Open Access Minireview Article

Fuels for Automobiles: The Sustainable Future

Olumide A. Towoju

Journal of Energy Research and Reviews, Page 8-13
DOI: 10.9734/jenrr/2021/v7i330191

The future of internal combustion engine-powered automobiles hangs in the balance unless clean fuels are available in commercial quantities. Electricity-powered vehicles will displace the internal combustion engine-powered automobiles. However, electricity-powered vehicles are yet to meet some of the automobile demands. A paradigm shift with attendant infrastructural change is necessary for its adoption. Synthetic fuels promise to be the solution. Their invention dates back to the early twentieth century when the concern was not about climate change. The search for alternative fuels later metamorphosed to when fossil fuels reserve depletion and petroleum derivatives cost became a concern. The alternatives were made available in biofuels. The prevailing challenge is now climate change. It is the consequence of the emission of greenhouse gases from the combustion of petroleum derivatives in automobiles. Synthetic fuels show the potential of coming to the rescue despite the prevailing hurdles. The future holds a potential promise of converting greenhouse gas (CO2) to liquid fuels that will allow little or no disruptions to the current transportation infrastructure network. It is, therefore, necessary to encourage further studies on the production of synthetic fuels. The environmental and economic benefits of commercially available synthetic fuels promise to be enormous.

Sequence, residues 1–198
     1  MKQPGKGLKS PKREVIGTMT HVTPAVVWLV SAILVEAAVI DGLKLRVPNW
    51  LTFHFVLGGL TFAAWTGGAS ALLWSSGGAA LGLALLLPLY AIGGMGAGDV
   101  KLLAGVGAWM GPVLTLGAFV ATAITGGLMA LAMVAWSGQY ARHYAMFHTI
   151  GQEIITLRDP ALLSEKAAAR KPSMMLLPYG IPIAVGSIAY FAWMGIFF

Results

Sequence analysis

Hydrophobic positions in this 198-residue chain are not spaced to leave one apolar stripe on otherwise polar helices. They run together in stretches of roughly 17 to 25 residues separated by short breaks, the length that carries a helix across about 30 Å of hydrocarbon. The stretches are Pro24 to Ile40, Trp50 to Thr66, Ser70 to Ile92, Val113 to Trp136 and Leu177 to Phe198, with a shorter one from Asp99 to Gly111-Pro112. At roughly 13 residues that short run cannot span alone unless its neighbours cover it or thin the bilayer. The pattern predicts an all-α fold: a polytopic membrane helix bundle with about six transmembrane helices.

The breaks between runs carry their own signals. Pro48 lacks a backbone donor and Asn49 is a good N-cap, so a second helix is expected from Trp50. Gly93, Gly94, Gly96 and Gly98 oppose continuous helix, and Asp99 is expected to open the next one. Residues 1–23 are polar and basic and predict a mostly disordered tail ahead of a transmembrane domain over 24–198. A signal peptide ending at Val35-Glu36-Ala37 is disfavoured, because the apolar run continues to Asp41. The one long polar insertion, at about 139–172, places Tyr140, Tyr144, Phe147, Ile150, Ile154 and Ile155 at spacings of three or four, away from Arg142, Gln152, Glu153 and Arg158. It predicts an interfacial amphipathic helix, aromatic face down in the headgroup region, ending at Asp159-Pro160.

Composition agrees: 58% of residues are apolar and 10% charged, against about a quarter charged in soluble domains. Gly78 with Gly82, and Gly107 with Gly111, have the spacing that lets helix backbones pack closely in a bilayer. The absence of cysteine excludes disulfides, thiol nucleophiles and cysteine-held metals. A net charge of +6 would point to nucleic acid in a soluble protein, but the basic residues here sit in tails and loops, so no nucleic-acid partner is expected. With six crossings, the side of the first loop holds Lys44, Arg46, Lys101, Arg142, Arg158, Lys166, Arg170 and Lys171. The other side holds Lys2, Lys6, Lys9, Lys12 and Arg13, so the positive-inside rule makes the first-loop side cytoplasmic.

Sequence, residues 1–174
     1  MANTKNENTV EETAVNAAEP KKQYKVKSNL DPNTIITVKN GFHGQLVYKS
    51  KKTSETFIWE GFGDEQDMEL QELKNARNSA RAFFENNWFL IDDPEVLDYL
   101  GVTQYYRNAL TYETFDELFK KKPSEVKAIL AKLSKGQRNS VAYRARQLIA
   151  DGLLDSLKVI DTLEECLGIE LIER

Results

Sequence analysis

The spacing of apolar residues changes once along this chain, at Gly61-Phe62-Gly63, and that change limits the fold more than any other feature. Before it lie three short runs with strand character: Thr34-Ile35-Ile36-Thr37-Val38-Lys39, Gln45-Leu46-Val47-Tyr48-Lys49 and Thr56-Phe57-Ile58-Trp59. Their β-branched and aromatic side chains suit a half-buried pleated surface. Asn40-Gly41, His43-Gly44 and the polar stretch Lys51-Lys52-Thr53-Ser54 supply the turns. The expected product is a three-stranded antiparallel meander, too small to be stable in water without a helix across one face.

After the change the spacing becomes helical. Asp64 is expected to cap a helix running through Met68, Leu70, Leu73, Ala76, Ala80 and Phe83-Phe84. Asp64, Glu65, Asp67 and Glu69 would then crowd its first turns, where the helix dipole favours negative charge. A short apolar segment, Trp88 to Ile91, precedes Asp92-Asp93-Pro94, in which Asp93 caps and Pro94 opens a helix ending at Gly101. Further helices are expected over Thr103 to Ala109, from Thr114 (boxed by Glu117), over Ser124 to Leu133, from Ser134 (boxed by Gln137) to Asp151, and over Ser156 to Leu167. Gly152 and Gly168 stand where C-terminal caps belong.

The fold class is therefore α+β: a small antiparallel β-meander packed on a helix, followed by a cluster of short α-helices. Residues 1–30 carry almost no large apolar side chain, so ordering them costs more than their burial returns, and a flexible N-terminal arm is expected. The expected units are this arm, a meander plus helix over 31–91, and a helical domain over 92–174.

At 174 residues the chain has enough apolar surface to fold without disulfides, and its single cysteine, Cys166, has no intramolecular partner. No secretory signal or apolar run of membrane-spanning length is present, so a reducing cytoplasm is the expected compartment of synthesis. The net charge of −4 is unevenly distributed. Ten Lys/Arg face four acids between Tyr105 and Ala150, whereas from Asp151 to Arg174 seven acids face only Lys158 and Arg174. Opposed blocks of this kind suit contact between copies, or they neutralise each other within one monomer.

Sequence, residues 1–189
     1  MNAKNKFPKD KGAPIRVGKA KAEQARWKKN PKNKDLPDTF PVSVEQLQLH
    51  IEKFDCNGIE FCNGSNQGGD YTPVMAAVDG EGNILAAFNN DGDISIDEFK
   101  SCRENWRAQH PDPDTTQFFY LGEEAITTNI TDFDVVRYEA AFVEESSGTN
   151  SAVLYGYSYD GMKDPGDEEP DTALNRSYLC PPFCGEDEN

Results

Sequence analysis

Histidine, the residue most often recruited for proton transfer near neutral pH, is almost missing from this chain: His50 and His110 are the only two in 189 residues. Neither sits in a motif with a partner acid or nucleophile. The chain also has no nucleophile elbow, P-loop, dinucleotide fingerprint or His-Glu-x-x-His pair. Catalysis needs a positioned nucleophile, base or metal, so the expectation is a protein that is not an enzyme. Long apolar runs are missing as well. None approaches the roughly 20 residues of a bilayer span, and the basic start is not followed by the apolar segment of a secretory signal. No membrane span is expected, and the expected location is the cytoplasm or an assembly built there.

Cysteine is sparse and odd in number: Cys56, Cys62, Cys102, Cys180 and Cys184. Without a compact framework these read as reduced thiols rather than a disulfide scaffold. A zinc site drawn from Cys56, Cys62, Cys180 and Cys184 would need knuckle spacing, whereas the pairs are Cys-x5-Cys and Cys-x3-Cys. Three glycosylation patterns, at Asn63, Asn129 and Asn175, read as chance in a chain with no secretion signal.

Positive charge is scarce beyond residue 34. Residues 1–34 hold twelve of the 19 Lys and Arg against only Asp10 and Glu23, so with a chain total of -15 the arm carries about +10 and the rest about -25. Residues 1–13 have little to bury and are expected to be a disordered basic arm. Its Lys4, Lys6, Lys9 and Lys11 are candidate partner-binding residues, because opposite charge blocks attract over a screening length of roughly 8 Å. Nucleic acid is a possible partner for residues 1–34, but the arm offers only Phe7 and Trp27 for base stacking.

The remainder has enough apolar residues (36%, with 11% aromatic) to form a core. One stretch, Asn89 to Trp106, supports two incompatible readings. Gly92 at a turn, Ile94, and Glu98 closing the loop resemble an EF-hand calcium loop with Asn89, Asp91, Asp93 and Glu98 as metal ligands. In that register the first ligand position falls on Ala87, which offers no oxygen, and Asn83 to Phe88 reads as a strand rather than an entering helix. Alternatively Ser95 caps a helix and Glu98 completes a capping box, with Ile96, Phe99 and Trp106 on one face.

Open Access Original Research Article

Characterization and Ranking of Various Mix Ratios of Cow, Pig and Sheep Manure

Sheila Chepkirui Matwek, Daudi M. Nyaanga, B. O. Osodo

Journal of Energy Research and Reviews, Page 1-7
DOI: 10.9734/jenrr/2021/v7i330190